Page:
A judge dropped felony charges linked to the purchase of an AR-15-style rifle.
The man who bought Kyle Rittenhouse the AR-15-style rifle he used as a 17-year-old to shoot three people, two fatally, during a 2020 protest in Kenosha, Wisconsin, pleaded no contest on Monday to contributing to the delinquency of a minor.
Dominick Black’s attorney appeared in Kenosha County Circuit Court to finalize the plea bargain agreement that spares Black from being tried on felony charges stemming from the purchase of the gun. Black, 20, did not attend the hearing.
Black agreed to plead no contest to a non-criminal county ordinance citation of contributing to the delinquency of a minor stemming from his purchase of the semiautomatic weapon. Rittenhouse claimed he used the gun in self-defense when he fatally shot Joseph Rosenbaum, 36, and Anthony Huber, 26, and severely wounded Gaige Grosskreutz, 27.
A Kenosha County jury acquitted Rittenhouse in November of two felony counts of first-degree recklessly endangering safety, first-degree reckless homicide, first-degree intentional homicide and attempted first-degree intentional homicide.
Just hours before closing arguments in the high-profile case, Judge Bruce Schroeder threw out a misdemeanor charge against Rittenhouse of being a minor in possession of a dangerous weapon. Rittenhouse’s attorneys cited an exception in Wisconsin law that allows minors to possess shotguns and rifles as long as they’re not short-barreled.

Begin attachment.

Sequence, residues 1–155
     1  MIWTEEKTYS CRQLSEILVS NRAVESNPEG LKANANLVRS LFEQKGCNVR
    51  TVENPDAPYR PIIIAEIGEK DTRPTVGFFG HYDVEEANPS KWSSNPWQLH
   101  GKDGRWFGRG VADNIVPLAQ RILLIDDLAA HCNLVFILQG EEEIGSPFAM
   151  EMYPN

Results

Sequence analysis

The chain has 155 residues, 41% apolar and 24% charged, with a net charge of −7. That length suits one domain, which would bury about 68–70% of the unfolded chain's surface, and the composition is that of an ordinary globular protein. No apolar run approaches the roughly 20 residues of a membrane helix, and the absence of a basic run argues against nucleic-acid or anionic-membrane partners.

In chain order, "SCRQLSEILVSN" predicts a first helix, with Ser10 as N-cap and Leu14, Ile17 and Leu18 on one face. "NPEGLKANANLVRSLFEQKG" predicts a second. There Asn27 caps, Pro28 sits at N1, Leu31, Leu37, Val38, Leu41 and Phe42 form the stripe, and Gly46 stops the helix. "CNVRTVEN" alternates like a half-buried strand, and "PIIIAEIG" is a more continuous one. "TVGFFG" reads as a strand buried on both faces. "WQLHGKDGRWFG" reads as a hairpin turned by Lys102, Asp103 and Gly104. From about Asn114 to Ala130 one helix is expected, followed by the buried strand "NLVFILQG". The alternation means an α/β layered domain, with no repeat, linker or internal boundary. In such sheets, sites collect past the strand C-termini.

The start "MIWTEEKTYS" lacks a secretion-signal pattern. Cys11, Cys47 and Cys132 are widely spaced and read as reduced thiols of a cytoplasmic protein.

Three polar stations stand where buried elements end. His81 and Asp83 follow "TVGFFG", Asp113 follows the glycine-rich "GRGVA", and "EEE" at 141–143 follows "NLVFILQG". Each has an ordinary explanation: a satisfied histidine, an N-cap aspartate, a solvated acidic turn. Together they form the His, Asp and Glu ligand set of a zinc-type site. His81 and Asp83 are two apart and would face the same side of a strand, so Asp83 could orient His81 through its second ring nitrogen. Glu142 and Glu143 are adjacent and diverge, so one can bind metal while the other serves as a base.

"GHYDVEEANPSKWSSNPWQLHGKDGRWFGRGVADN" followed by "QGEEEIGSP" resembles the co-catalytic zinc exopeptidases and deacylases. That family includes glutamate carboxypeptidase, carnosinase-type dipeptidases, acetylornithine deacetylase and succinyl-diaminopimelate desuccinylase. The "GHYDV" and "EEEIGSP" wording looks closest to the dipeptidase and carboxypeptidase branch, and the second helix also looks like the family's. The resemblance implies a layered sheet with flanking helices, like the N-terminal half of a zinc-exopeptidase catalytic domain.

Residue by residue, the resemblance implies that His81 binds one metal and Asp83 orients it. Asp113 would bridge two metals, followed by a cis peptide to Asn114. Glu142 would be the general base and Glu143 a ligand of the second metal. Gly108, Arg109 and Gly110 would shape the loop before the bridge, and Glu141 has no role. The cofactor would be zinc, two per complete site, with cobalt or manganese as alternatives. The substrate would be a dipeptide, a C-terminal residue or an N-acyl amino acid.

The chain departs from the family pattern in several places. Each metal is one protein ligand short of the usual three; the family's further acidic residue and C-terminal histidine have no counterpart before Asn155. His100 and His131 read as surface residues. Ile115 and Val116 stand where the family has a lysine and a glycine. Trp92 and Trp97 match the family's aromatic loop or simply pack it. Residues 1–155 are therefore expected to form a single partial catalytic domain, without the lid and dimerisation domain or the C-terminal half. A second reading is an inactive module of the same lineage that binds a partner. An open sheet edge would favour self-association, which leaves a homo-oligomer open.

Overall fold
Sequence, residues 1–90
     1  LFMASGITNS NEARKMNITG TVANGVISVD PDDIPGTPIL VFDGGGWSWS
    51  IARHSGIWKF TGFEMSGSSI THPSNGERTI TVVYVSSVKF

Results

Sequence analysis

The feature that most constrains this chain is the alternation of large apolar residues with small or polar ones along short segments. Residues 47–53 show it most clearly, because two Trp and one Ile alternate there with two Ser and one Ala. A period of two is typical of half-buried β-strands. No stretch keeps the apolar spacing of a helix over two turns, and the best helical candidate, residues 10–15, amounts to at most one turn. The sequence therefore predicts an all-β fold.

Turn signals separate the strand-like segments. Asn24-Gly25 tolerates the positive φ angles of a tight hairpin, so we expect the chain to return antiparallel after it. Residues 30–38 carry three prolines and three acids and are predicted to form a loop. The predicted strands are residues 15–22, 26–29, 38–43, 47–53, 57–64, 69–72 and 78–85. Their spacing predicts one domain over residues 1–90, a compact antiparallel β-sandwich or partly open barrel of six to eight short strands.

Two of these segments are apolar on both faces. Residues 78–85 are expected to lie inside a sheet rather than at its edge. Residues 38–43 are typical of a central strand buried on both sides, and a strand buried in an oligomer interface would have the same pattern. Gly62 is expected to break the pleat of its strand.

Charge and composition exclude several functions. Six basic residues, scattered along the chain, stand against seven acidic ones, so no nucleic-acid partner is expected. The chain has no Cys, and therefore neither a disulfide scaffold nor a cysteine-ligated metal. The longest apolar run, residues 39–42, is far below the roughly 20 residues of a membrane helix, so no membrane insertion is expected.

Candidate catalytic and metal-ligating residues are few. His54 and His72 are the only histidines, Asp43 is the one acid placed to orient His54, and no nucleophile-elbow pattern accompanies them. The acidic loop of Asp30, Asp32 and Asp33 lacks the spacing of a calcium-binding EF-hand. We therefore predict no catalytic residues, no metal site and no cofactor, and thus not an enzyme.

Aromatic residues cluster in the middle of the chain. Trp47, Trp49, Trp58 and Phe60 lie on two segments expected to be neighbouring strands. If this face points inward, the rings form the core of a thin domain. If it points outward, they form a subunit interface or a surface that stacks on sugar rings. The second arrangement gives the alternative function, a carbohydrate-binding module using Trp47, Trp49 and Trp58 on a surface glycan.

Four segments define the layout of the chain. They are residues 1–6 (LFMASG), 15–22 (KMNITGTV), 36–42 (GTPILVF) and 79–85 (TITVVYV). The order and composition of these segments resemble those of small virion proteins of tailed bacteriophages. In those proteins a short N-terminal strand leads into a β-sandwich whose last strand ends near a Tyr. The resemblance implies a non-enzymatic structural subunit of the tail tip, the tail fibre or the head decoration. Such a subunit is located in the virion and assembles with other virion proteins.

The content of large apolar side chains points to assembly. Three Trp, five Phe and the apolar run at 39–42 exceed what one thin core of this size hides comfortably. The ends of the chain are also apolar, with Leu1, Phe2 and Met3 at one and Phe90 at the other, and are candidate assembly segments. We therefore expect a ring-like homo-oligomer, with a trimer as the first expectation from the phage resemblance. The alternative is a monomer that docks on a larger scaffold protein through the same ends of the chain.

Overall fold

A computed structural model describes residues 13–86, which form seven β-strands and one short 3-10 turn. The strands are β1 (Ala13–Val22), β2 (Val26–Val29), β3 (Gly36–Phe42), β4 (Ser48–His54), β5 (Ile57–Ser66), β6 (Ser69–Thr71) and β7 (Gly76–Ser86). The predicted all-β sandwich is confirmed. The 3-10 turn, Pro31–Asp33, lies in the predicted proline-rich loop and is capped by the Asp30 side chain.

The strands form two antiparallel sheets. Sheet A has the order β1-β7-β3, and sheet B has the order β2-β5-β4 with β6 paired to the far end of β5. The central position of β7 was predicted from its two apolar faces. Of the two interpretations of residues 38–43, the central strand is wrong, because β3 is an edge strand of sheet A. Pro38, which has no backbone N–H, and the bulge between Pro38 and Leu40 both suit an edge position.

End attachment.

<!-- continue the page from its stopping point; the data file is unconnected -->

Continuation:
“I do believe it is a serious offense to purchase a firearm for someone who is not legally able to do so. Our office will continue to vigorously prosecute those offenders,” prosecutor Thomas Binger said during Monday’s hearing. “And it is still our office’s position that 17-year-olds should not go armed with firearms.”
Binger credited Black for cooperating with police and prosecutors in the Rittenhouse case and testifying for the prosecution during the trial.
“He provided a statement early on, waived his Fifth Amendment right against self-incrimination and testified at the trial truthfully. And I want to give him credit for those actions because those are responsible and appropriate actions to accept responsibility and to cooperate,” Binger said.
As part of the plea deal, Black agreed to pay a fine of $2,000, which Binger described as a “form of punishment and a deterrence” to anyone thinking of purchasing such as firearm for a minor.
Black’s attorney, Anthony Cotton, declined to make a statement at the hearing other than to say “this is our agreement.”